IntroductionThis web page presents details of Flight Ze-3, which designates the third flight of the Zephyr experimental rocket.
The main objectives of Flight Ze-3 were:
Rocket DescriptionThe rocket airframe for Ze-3 was essentially that used for flights Ze-1 and Ze-2.
The total propellant mass for this flight was 404 grams (0.890 lb.), and with a constant Kn = 953. A single "Spitfire" igniter was used for motor ignition.
This firing of the Epoch motor for this flight has the designation ERMS-27 (Epoch Rocket Motor System).
As with Flight Ze-2, a total of four identical 70x22 cm. cross-type parachutes were employed for vehicle recovery, consisting of tandem drogue chutes for initial descent, and tandem main parachutes. Descent velocity was predicted to be 44 ft/sec (13.4 m/s) during initial descent, followed by a reduced descent velocity of 31 ft/sec (9.5 m/s) following main chute deployment. For the Parachute Ejection Triggering (PET) system, the Air-Speed switch was configured to trigger at a velocity of 65 mph (29 m/s) prior to apogee; the Drogue Timer delay was set at 12 seconds from liftoff, and the Main Timer was set at 43 seconds following liftoff. The R-DAS main deployment was set to trigger at 660 feet (200 m.).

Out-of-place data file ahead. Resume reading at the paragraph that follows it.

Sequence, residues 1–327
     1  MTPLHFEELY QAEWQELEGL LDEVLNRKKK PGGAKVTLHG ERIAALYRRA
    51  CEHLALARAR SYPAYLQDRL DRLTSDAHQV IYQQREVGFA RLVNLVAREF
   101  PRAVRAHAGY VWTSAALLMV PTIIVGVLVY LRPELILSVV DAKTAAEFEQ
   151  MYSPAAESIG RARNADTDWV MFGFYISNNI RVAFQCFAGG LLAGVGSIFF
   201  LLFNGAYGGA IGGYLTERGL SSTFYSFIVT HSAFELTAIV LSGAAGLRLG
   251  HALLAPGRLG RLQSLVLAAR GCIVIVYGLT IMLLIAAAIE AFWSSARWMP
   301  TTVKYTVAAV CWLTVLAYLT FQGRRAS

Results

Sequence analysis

Both the drogue ejection charge and main ejection charge consisted of 0.80 grams of Crimson Powder. Pre-launch weight of the rocket was 8.09 lbs (3.67 kg.); total height was 6.40 ft. (1.950 m.). The initial stability margin was 1.46 for this flight.
Launch ReportSunday, Jan.10, 2004
Winter launches tend to be particularly challenging. The greatest "enemy" is the wind, which not only leads to personal discomfort (and dexterity problems), but also tends to wreak havoc on electronic equipment, due to its rapid chilling effect. As such, critical electronic systems for the rocket have been designed to function in extreme cold, such as the launch box and of course, the PET system. Commercially manufactured elements, such as the R-DAS, as well as ground support equipment such as digital cameras, FRS radios, etc. must be kept reasonably warm or insulated to avoid malfunction, as these are generally not designed for cold weather operation. For the most part, such measures have worked well in the past. As such, sunny, windless winter days are a blessing, and we were fortunate to have such conditions on this day. The sky was mainly clear, and only a light surface wind of 5 km/hr. was present. So despite the temperature of -15oC. (5oF), conditions were considered to be more than decent, and actually quite comfortable.